Watercolor painting looks so simple. A well executed watercolor can be painted with a few quick brush strokes. Good artists make it look so easy, but as a beginner I remember running into a lot of stumbling blocks and ending up wondering what I’d done wrong !
Of course, with practice you develop better technique. But everyone goes through the frustrating process of learning by their mistakes.
So don’t worry, you’re not alone. There are some common watercolor mistakes that we all encounter at some point or another.
Sometimes the best way to fix an error is to avoid it altogether. A little knowledge about why common mistakes occur will go a long way to help you improve your technique.
And sometimes it may seem too late ! You’ve slipped up and you’re wondering how to fix the mess you just made.
In either case the checklist below will help you recognize everyday blunders, how to avoid them, and how to cover up watercolor mistakes in case you need to correct one of your paintings.
Here’s my checklist of 20 watercolor mistakes and how to fix them:
Common watercolor mistakes
- Streaky watercolor washes
- Hard edged marks
- Thick paint
- Blooms and backruns
- Glazing over a damp wash
- Watercolor paper blotches and blemishes
- Dry brush problems
- How to mix bright secondary watercolors
- How to avoid muddy watercolors
- Watercolor granulation problems
- Staining watercolors
- Overworking watercolor
- Working from light to dark
- Correcting colors
- Wrinkled paper
- Lifting watercolor
- How to cover up watercolor mistakes
- How to recover highlights
- Can you erase watercolor ?
- Can you erase pencil from watercolor ?
In the first part of this watercolor troubleshooting guide I wanted to talk about frequent problems we artists encounter. Understanding why problems occur is the first step to steering clear of them…
Sometimes as your paint starts to dry, you get unexpected blotches and imperfections ! Or maybe you’ve tried to do a watercolor wash and thought “that’s no good “?
Yep… I’ve been there too.
Below are some of the most commonplace problems and frustrations, with hints and tips on how to escape them…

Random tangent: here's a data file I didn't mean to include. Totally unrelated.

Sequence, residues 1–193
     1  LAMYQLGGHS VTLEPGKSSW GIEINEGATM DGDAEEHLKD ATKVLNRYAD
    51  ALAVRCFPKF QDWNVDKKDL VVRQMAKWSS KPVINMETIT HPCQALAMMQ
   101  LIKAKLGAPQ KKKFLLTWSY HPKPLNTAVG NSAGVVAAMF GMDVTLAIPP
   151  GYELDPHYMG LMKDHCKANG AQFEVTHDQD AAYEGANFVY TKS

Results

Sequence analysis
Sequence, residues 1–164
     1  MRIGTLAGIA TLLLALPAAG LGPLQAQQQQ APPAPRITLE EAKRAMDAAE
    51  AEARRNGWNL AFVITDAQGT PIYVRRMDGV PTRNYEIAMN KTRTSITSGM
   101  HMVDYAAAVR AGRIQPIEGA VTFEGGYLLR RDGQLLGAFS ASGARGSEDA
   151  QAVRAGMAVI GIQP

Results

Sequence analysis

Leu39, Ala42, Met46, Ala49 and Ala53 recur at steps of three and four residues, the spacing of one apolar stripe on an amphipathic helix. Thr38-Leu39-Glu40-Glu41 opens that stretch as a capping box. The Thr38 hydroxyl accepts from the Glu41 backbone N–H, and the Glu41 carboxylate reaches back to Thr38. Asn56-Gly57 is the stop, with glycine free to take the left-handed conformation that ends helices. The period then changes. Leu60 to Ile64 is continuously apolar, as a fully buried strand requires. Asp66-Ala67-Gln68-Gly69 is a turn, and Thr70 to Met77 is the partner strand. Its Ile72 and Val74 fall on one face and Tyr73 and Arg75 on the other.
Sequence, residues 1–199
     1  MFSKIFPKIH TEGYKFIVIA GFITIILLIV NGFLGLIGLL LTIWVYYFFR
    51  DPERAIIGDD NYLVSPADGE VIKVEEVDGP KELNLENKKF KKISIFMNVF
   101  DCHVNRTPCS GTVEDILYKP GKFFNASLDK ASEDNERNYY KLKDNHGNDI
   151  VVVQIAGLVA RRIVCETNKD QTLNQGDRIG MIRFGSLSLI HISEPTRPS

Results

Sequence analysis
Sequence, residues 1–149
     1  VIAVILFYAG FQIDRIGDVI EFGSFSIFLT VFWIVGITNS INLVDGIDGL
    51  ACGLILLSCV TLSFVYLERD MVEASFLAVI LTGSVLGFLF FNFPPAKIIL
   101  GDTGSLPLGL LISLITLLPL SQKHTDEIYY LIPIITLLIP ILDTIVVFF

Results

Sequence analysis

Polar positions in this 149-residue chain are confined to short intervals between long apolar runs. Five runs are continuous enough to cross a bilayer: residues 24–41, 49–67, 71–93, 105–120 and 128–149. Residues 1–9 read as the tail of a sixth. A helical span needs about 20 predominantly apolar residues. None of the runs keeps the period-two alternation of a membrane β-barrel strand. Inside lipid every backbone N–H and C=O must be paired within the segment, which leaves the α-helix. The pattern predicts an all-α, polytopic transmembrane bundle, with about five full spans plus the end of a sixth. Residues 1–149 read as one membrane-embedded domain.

Streaky watercolor washes
Flat and graded washes are tricky techniques to master. It’s the kind of thing we all need to practice over and over to get just right.
It’s not unusual to get a streaked appearance when laying a watercolor wash. Streaks occur because the paint has had time to start drying. Here are some tips on how to avoid streaky watercolor washes:
Be sure to mix up a generous quantity of paint for your wash. Running out of paint during a wash is bound to create problems. A smooth wash requires uninterrupted brush strokes. You can’t stop in the middle of the process.
Make sure your brush is well loaded with paint and tilt the paper so it forms a bead at the base of your brush stroke. Use the bead to push paint down the paper with each alternate brush stroke. Continue to load your brush so that there’s always a bead to chase downward.
Use a brush which is big enough for the surface area your painting. For example a number 8 round bush is fine for small work but bigger washes will probably benefit from a 1” flat brush.
Making sure your wash is wet enough to form a bead and working quickly should eliminate streaks.
Hard edged marks
This is another mistake which, as you can guess, they occur when you give the wash time to dry between strokes. If paint dries unevenly it can create unintentional edges.
If you want smooth results try to work fast before an area of paint has time to start drying.
Don’t’ try to soften an edge that has already dried. This will just lead to overworking.
If your paint is too thick and the paint is too sticky it tends to spread unevenly creating streaks or blotches.
When mixing your paint begin by making a puddle of water. Then pick up some color with a moist brush and mix into the clear water. Continue adding pigment in this way until you reach the consistency you’re looking for. This way you get a smooth wash of paint.
Blooms and backruns
These are another common problem. You have probably experienced these dark feathery patterns that are created when wet paint is introduced to a drier settling wash.
A damp area will draw fluid from an adjoining area of greater wetness which then produces these unwanted flow marks. This will happen for example at the end of your wash if you leave a bead of paint. To avoid this you can absorb the excess bead of fluid using a blotted brush.
In general, to fix this kind of problem, always remove any excess paint before a backrun has time to form.
Glazing over a damp wash
I get it.
You’re impatient to carry on with your painting. You can’t wait to see the end result. If you’re laying glazes then the temptation is to start painting a new layer before the underlying paint is completely dry.
This mistake can cause backruns and blooms and can ruin your first glazing layer.